What to Expect From Hospice Care

Posted by on Apr 9th, 2019 and filed under Grief support, Hospice facility, Hospice service. You can follow any responses to this entry through the RSS 2.0. Both comments and pings are currently closed.

A number of illnesses or health conditions may be considered “terminal” at some point for a patient, meaning that the patient is certain to succumb within an estimated time frame. This means that recovery is impossible or at least extremely unlikely, and when this is the case, hospice care may be provided by a hospital. It should be noted that hospice care may be provided not only in a hospital care, but also in the patient’s own private residence, if that arrangement is both possible and preferred. Related to hospice care may be end of life care for a patient in his or her final days or hours, and grief support groups and counseling may be provided for family members during and right after this time. Hospice services may be called upon for a patient who is in their own residence, and hospice care may be found at a hospital. What might this entail?

Hospice Care Today

The general concept of hospice care dates back to the Middle Ages in Europe, but of course this practice has changed over time, and modern hospice care may involve any number of services. A terminal patient in a hospital may have their emotional or spiritual needs satisfied in their final days or hours, for example, so that they may pass on in a better state of mind. A religious figure may be requested and brought to the patient for counseling and comfort, such as a minister, rabbi, or other figure for any faith system. Modern religions typically have writings and ideas centered around a person’s passing, from Christianity to Judaism and Islam and more, and a patient of any faith may be comforted by such spiritual guidance. This may certainly be an option for a terminal patient at their home, too, and they may ask for a priest, rabbi, or imam from their house of worship to visit them. The provider of such spiritual guidance may be someone whom the patient personally knows from their house of worship, which may be another source of comfort. It should be noted that not all doctors consider it their responsibility to provide spiritual care or guidance for their patients, so the patient or family members may ask a more qualified party to handle this duty instead.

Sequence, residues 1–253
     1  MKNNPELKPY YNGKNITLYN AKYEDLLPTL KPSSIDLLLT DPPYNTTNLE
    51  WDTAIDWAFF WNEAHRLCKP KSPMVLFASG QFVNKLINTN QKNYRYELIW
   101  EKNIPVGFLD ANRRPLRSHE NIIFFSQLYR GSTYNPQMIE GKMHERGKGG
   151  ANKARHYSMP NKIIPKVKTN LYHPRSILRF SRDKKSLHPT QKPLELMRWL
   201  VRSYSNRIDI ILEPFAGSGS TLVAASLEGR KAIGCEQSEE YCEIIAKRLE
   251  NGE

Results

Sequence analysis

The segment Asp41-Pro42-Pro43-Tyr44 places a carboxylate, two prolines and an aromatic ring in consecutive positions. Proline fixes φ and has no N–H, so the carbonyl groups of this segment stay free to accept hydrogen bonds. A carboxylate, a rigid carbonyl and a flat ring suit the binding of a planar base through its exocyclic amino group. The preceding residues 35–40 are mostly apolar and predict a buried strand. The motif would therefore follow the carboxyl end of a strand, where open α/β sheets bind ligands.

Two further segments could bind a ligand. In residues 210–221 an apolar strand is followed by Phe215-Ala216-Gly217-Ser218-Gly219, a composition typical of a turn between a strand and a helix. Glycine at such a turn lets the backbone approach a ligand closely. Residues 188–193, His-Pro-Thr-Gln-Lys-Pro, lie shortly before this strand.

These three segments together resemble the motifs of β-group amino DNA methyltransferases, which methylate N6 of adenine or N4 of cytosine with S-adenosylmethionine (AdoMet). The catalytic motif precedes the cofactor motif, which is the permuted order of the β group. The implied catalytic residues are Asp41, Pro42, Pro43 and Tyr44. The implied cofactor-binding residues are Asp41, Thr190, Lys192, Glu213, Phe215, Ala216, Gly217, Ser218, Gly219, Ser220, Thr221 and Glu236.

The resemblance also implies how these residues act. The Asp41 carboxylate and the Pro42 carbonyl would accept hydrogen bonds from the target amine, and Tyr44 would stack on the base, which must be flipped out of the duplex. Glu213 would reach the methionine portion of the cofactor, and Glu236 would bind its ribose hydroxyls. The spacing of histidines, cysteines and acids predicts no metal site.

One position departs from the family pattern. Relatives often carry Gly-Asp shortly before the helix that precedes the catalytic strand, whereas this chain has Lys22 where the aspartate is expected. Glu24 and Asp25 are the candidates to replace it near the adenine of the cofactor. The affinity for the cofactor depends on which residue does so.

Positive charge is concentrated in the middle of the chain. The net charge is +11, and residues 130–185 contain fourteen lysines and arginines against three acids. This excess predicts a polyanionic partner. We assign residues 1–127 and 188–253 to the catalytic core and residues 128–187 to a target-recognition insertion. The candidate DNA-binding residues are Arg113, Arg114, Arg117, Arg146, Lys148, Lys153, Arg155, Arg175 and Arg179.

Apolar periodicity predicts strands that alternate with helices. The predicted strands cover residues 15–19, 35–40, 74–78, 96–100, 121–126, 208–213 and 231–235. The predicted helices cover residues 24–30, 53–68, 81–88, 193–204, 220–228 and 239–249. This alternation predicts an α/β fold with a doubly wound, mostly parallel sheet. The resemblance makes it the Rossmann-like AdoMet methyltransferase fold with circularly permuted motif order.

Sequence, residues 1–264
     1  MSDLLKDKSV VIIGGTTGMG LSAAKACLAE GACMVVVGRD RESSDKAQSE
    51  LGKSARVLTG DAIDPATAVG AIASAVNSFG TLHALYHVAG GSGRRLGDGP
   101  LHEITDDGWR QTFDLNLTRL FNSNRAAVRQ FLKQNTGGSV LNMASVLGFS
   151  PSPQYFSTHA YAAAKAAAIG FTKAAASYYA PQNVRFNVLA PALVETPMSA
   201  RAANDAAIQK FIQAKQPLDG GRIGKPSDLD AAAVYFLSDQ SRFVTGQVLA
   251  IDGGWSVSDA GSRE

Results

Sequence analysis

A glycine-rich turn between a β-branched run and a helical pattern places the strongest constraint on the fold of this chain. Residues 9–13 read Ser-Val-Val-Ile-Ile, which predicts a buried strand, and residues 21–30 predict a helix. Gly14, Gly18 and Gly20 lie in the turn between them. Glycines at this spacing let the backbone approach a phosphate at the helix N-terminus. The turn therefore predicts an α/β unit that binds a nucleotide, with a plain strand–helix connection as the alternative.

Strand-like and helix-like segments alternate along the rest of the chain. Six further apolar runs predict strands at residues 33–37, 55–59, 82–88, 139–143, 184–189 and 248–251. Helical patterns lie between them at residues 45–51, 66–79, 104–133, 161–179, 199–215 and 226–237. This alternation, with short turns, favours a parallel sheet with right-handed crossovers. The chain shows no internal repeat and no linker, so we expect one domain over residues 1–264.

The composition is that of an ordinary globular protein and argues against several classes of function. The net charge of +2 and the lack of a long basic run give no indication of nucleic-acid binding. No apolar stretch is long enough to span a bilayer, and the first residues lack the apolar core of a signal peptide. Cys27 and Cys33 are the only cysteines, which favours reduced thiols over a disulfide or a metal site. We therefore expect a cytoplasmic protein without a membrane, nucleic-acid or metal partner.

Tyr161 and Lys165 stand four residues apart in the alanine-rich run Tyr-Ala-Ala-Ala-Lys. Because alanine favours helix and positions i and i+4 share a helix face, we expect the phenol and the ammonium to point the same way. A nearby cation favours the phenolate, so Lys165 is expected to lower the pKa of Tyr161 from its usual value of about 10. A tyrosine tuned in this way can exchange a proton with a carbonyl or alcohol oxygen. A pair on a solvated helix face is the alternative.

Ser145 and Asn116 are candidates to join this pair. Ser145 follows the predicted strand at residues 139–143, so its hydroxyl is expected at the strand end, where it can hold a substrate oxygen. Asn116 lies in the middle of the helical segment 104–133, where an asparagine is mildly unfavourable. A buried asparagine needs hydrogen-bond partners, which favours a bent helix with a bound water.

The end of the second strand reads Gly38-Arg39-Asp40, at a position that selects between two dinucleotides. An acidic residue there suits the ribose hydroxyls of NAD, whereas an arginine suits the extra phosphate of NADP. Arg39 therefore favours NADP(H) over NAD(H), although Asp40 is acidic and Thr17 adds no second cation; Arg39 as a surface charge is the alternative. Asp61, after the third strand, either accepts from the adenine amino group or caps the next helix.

Hospice care may also involve emotional support for both the patient and their family, as one or both parties is likely to be emotionally distressed during time. Trained and experiences counselors and therapists will be ready to help, and for the patient, the case may vary from being emotionally prepared to pass on all the way to sharing their family’s distress. Should the patient be unable to come to terms with what is happening, they or their family may ask for emotional guidance counselors or therapists during the patient’s final days or hours to help them reconcile themselves with their terminal condition. The family members certainly would not want their loved one to be distressed during their last moments, so a therapist can help out.

Grief counseling is another service offered by hospice in general, this time for the family members themselves. The five well-known stages of grief are denial, anger, bargaining, depression, and acceptance, though not always in that order. Some family members may be emotionally solid and able to handle themselves, but many may need grief counseling. There is no stigma or shame in that; rather, honesty about one’s own emotional needs and state is essential for coming to terms with the loved one’s passing. A grief counselor might be consulted more than once, and family members who wish may visit this counselor regularly until they feel that they have settled their emotional difficulties.

A related field is palliative treatment or care, which is more on the medical side. A terminal patient may be in pain or have difficulty with movement or even speech, so palliative care will provide whatever is needed for the patient’s comfort and convenience during this time. This may include pain relievers, for example, or assistance with communication. Some patients may be unable to speak or even write something down, so palliative care personnel may use other means for the patient to communicate with others.

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